Box of Mirrors
On the way back from the mirrored walls and
angry-teacher-of-ballet class, she takes the long way around the park
because of the monster. It grows from a tree and hangs to the ground
and bites and chews with large teeth the children it grabs in its
sticky fingertips. Ever since she saw it, she hasn't felt safe in the
park on her own or even with the two slender sisters who dance with
her. It will definitely eat her first.
It isn't very big, the monster, at least not from afar, but it doesn't
have any geometric shape, or a familiar shape or anything. Its outline
resembles the contour of a half-filled plastic garbage bag and it has
thick, gray skin, a dark mouth the size of a baby's head and mean eyes.
Of course she told Mother, but Mother told Father, and they told a
friend, and everyone said she had a lot of imagination.
She offers to take a ballet class on the other side of the park, closer
to home, but Mother insists on this one because the teacher is licensed
by the French Academy and is the best in town; she performs miracles.
And the girl, no doubt, needs miracles. The sisters go there too
because their parents are from South Africa, and people from South
Africa are keen on quality. Mother says this is why so many of them
make something of themselves.
The girl bends forward in class and raises one leg. In front of the
mirror, she looks herself in the eye and feels her uneven body line.
The teacher's reflection points its manicured index finger upwards and
the girl tries but her back curves, her belly sticks out and her
sustaining leg threatens to collapse. She wonders if the teacher will
work her wonder on someone like herself, one of the less favored
pupils. Behind her, the slender sisters each stretch one arm forward
and a graceful leg backward. If she were as light as they or had the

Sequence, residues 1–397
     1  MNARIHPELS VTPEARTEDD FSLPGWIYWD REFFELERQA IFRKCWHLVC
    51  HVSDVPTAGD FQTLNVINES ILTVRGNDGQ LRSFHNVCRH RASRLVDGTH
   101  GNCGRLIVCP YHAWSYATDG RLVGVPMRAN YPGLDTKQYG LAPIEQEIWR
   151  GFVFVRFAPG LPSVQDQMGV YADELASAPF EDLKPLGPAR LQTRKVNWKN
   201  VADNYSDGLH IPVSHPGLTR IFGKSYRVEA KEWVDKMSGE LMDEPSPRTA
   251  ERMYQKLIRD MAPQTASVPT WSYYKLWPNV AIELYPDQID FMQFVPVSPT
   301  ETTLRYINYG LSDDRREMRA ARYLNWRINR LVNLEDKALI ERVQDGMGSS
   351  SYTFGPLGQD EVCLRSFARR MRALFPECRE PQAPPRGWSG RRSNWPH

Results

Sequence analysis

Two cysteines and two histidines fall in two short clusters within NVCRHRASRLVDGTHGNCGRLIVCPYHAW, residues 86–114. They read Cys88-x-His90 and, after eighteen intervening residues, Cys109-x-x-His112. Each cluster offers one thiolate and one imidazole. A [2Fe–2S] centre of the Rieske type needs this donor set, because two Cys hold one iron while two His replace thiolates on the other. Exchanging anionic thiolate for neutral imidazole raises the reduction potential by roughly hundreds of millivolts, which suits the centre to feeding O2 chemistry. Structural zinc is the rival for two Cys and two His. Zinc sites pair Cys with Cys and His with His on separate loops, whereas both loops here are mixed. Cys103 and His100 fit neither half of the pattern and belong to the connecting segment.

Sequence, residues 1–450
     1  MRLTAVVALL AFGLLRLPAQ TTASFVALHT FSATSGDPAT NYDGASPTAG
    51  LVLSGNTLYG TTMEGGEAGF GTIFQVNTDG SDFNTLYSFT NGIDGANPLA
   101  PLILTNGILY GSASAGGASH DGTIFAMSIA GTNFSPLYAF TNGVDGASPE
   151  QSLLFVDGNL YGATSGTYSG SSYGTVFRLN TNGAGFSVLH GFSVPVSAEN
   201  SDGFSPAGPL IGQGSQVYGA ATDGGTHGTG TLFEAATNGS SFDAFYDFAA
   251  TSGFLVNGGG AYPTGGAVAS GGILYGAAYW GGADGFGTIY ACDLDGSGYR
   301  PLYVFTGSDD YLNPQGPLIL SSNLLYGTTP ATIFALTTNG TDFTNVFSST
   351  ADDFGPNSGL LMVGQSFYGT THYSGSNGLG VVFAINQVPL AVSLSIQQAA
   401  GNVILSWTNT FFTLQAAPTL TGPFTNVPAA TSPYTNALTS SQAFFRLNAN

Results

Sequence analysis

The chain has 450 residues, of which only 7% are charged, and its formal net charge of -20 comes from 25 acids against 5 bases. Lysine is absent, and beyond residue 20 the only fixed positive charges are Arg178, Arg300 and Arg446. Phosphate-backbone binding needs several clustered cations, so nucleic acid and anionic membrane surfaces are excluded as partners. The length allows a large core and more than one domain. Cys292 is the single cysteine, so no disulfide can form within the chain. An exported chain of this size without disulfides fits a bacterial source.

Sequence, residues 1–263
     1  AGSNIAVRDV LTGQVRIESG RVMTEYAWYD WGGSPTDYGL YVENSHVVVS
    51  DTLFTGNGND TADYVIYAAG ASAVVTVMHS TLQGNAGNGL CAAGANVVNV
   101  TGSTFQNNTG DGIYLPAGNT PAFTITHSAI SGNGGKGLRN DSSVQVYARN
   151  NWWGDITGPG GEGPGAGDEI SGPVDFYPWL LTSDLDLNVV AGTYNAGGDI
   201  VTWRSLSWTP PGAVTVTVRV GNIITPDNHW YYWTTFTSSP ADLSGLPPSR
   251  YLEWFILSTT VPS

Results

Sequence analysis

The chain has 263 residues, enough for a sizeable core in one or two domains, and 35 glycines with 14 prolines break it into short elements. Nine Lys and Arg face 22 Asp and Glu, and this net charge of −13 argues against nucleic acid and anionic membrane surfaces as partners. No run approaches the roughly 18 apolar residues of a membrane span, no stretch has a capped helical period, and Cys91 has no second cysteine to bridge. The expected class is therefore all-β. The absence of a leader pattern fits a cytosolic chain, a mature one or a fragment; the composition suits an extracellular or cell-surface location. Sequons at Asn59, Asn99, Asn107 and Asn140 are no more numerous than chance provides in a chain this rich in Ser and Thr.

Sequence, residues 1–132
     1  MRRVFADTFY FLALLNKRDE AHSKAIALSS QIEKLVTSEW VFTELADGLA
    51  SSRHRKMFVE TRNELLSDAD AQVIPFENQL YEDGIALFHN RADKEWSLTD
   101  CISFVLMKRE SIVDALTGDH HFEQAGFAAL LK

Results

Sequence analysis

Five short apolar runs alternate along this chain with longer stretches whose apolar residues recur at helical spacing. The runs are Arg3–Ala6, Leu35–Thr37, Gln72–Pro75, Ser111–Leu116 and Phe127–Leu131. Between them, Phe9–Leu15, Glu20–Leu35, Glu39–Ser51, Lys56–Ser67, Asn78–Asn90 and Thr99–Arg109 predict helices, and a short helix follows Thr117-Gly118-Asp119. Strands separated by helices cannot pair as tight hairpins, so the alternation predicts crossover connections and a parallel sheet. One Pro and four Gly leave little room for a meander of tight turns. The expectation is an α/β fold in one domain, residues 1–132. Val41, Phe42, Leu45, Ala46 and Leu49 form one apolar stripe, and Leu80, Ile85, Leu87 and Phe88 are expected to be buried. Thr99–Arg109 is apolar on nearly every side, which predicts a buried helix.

teacher's powers, she might trick the monster. Perhaps she should try
She passes the trees that surround the park then tries to cross it the
way she used to, as if it's nothing. If the two sisters hadn't
mentioned a shapeless creature and made her aware of the monster, she
wouldn't have become terrified and crossing would have been easy, so
why not pretend she knows nothing? But her mouth and throat are so dry,
she is so parched she runs out of the park to find a tub of water. When
she cries with frustration and says she doesn't want to dance any
longer, her mother says gruffly that it's because she isn't a good
enough dancer yet.
In her mother's perfume bottle (called Chanel 5), she mixes pepper with
alcohol to spray the monster if it attacks her. After the ballet,
however, she has a fight with the sister who called her 'fat'. The girl
knows she's too fat, although Father says she is beautiful and just a
little round, and Mother says that slimming down only takes exercise.
When the sister says the word, the girl feels fatter than ever. She
pulls the sister's hair and sprays her with pepper and alcohol, not in
the eyes but in her stupid flat belly. Then she runs all the way
around the park. The spray is gone, the monster is waiting, and the
other sister is chasing her.
She invites the slender sisters to her birthday party, anyway, and they
show up, pretty as ever. They join the circle of the girl's friends and
watch as a magician puts a rabbit in a box, makes it disappear, and
brings it back. Afterwards, when the girl blows out the candles, she wishes
to quit ballet and learn magic instead. She knows the box isn't really
magic—it's simply a box of mirrors—but she wants
one of her own. She knows the monster will slip into it, face
reflections of its ugly fat self, stop eating, and vanish.
This miracle she covets.
Born and raised in Israel, Avital Gad-Cykman now lives in Brazil. LIFE IN, LIFE OUT, a collection of her flash fiction, is out from
Detail of art on main page courtesy
of Steve Loya.
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